Gut bacteria help regulate serotonin levels

 Ball-and-stick model of serotonin molecule

Ball-and-stick model of serotonin molecule

Editor’s Note:  In this blog we write about the most recent findings from Elaine Hsiao’s lab at Cal Tech.  You may remember Professor Hsiao’s previous work, which we wrote about last year.  She published the now seminal article that linked autism spectrum symptoms in mice with their gut microbiomes.  Diane will be joining us on the Microbiome Podcast, to be released on May 4.  If you have any questions about this study on serotonin, or on her work with autism and the microbiome, please call this number 518-945-8583 and leave a voicemail.  If possible we will ask her your question during the show.

Serotonin is a crucial multi-purpose hormone in our body that affects our mood, happiness, appetite, and gastrointestinal movement, among other functions.  It is produced in a few places around the body, but mostly in the epithelial cells that line the gut.  It should come as no surprise then, that Professor Diane Hsiao’s group, out of Cal Tech, recently uncovered a critical role that the gut microbiome has in stimulating the production of this molecule.  She published her results in the journal Cell.

The researchers first discovered that germ-free mice produced substantially less serotonin than normal mice in their colons, but not in the small intestines, suggesting the importance of the colon microbiome in serotonin production.  The scientists then investigated the levels of each enzyme responsible for serotonin production and pinpointed one called TPH1 that was produced at much lower levels in the germ free mice colons.  When the germ-free mice were given TPH1 their serotonin levels returned to normal, and when regular mice were given antibiotics their serotonin levels dropped.  Taken together, this suggests that the colon microbiome somehow increase TPH1 levels in the gut.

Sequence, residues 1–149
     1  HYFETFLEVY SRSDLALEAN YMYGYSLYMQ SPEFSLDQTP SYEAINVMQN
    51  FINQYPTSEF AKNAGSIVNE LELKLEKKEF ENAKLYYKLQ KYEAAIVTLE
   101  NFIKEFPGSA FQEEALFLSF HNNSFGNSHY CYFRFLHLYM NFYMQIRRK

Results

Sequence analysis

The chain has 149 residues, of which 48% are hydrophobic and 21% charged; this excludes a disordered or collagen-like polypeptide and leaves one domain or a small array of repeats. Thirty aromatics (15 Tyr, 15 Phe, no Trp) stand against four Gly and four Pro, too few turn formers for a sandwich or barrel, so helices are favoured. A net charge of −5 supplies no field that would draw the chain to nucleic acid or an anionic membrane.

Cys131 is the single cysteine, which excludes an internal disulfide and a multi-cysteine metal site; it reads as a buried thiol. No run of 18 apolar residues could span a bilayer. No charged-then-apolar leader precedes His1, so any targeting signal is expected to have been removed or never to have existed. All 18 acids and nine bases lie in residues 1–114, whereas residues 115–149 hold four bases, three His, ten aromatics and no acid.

The researchers then investigated the effects that specific bacteria had on increasing serotonin levels in germ free mice and discovered that spore forming bacteria, especially those belonging to Clostridia, were able to increase the levels of serotonin in the mice.  After, they tried to determine specific metabolites that may be produced by Clostridia that increase TPH1 production.  They found that deoxycholate, a-tocopherol, p-aminobenzoate, and tyramine all increased serotonin to normal levels when given to germ free mice.

Finally, the scientists colonized germ-free mice with spore producing bacteria and measured the effects on certain traits known to be associated with serotonin.  For example, germ free mice colonized with spore producing bacteria had longer food transit times and more frequent bowel movements.  In addition, blood platelets function better in mice colonized with spore forming bacteria than in germ-free mice.

Overall this work shows an important connection between serotonin production and the microbiome.  Serotonin has been implicated with many critical bodily functions, like bone development, appetite control, heart function, and mental well-being.  The fact that a dysbiosis in the microbiome may be responsible for lowering its levels may turn out to be crucial in developing next generation therapeutics.

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